We still have room for a few brief reports and “Letters to the Editor”. Our submission deadline has been extended to September 1.

New Members

During the past six months the ISFA acquired 19 new members. If all members from 2006 renew their memberships in 2007, we will have 222 members living in 20 countries.

Our new overseas members are: Peter de Jager, Upper Beaconsfield, Victoria, Australia; Annette Hassenforder, Saint-Sériès, France; Rico Wallenta, Berlin, Germany; Jean-Christophe Démarais, Verrieres le Buisson, France; and Eric Vandendriessche, Athis-Mons, France. From Canada we welcome Dirk van Wyk and Rory McCuaig, both from Calgary, Alberta; Peggy Marques, Mississauga, Ontario; Glen McCuaig, Brampton, Ontario; and Erin McCuaig, Bowmanville, Ontario. Our new US members include Cheryl Wong, Honolulu, Hawaii, The Museum of Jurassic Technology, Culver City, California; Molly Bigknife Antonio, Window Rock, Arizona; Corby Johnson, Seattle, Washington, Brandon Lutz, Portland, Oregon; John O’Brien, Colby, Kansas; Alex Ardila, South Pasadena, California; Jon H. Waltz, Red Oak, Iowa, and Alexis Reed, Eugene, Oregon. Thanks for supporting our preservation efforts — we hope our publications bring you immense pleasure.

Member Profile

In previous issues of our newsletter we often included short biographies of ISFA members and asked them to tell us why they like string figures, but we soon ran out of volunteers! So when Michel Spira of Brazil sent us a photograph of himself wearing a hand-made string figure T-shirt we asked him to tell us more about the shirt and himself. He graciously replied with the following description: About the T-shirt: I had the idea and my girlfriend did the sewing job. Basically, I had to hold the figure on my hands while she stitched all the crossings in the air (so to speak). We then laid the figure flat on the T-shirt and secured it using adhesive tape. To finish the job she sewed the string onto the shirt from the reverse side. It was tedious but worth it. A couple of lucky friends got, as birthday gifts, T-shirts with different figures.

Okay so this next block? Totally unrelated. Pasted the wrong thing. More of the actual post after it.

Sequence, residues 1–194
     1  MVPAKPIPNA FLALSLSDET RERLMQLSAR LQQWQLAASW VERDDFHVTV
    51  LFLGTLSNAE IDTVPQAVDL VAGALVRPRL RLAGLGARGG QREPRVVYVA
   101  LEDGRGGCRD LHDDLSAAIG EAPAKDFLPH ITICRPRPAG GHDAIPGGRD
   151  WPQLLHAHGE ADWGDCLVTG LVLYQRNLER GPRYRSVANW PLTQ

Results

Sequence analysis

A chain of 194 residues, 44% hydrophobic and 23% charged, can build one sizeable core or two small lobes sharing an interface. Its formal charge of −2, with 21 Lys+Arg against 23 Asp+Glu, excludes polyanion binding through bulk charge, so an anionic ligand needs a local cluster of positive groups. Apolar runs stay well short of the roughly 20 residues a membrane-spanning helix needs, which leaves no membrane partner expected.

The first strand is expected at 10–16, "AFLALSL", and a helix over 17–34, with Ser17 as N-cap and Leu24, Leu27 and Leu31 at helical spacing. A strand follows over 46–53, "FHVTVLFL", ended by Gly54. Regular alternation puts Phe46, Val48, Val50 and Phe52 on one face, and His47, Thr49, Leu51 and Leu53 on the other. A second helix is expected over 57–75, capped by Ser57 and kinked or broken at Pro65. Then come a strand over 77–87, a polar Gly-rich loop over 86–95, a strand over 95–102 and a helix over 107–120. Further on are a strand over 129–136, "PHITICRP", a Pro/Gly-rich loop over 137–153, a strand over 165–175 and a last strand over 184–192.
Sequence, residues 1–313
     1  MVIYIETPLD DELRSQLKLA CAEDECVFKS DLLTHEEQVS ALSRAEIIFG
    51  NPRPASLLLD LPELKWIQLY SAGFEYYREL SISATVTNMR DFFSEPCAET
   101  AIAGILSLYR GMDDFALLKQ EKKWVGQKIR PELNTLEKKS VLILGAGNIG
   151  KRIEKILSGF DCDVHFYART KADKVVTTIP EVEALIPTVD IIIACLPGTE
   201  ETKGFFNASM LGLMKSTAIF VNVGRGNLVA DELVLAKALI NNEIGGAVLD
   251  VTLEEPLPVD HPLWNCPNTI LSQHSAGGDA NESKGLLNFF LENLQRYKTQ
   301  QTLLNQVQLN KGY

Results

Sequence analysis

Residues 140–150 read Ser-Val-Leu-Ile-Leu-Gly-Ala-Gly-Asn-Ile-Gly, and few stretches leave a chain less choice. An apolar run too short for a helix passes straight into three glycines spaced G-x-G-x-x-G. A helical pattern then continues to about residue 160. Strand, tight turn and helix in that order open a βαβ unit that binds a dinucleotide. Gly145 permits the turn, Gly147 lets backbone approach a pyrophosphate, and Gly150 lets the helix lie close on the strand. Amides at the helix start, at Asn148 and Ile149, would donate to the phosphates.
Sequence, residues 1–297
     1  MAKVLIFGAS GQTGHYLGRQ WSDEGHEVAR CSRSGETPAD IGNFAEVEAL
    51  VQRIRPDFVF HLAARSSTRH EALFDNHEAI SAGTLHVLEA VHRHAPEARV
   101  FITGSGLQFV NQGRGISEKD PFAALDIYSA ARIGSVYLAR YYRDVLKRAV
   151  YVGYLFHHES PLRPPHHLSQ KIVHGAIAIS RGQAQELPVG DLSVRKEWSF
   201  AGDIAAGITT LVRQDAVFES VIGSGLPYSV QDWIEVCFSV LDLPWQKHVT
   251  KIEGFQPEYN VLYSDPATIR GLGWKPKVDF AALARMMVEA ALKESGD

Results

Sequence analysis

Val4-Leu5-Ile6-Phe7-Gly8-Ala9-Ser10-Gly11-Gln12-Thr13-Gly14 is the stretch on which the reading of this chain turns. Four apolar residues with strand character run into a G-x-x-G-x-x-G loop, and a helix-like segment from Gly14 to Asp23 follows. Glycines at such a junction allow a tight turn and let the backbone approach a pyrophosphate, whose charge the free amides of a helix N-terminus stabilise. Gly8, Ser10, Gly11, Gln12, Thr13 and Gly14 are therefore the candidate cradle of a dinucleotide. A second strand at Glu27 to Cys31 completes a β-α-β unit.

As for myself, I am 51 and have a Ph.D. in Mathematics (UC Berkeley, 1987). Since 1978 I have been teaching math at the Universidade Federal de Minas Gerais, Brazil. In the last few years I have been working with math undergraduates, with on-the-job training of teachers and with a major Math Olympics in Brazil.

While in the States I searched for books on knots and I chanced upon Jayne’s book on string figures; of course I was hooked immediately. Coming back to Brazil I forgot about string figures for a long period, but in the late 1990s I found a copy of Elffers and Schuyt’s book and my love was rekindled. It was by pure chance — thanks to Google — that I found ISFA; and I was even more thrilled that the first Bulletin I received had an article about Brazilian Karajô string figures (as a matter of fact, I contacted the author and got a copy of her dissertation. Unfortunately, she dropped the subject and is doing something else for her Ph.D.).

ISFA member Michel Spira in Brazil, modeling a hand-made string figure t-shirt. Photo courtesy of the seamstress.

Why am I interested in string figures? First of all, sheer beauty alone, not only in the final figures themselves but also in the methods to get them. Secondly, being a frustrated pianist and guitarist (different periods of my life), I find out I can, finally, do something beautiful with my hands (well, I make good bread and pizza too). Thirdly, as a teacher, I appreciate the fact that in learning string figures one exercises some very important mental and physical abilities — in fact, as soon as I get the time (a tall order), I want to start a string figures workshop for children, and a friend has already asked me if I would do something similar for elderly people too. And you might recall my asking you for advice on writing a book; that’s another project on the shelf for the time being.

By the way, my compliments and many thanks for your wonderful publications — the world is a better place with ISFA around.

Earn a String Diploma!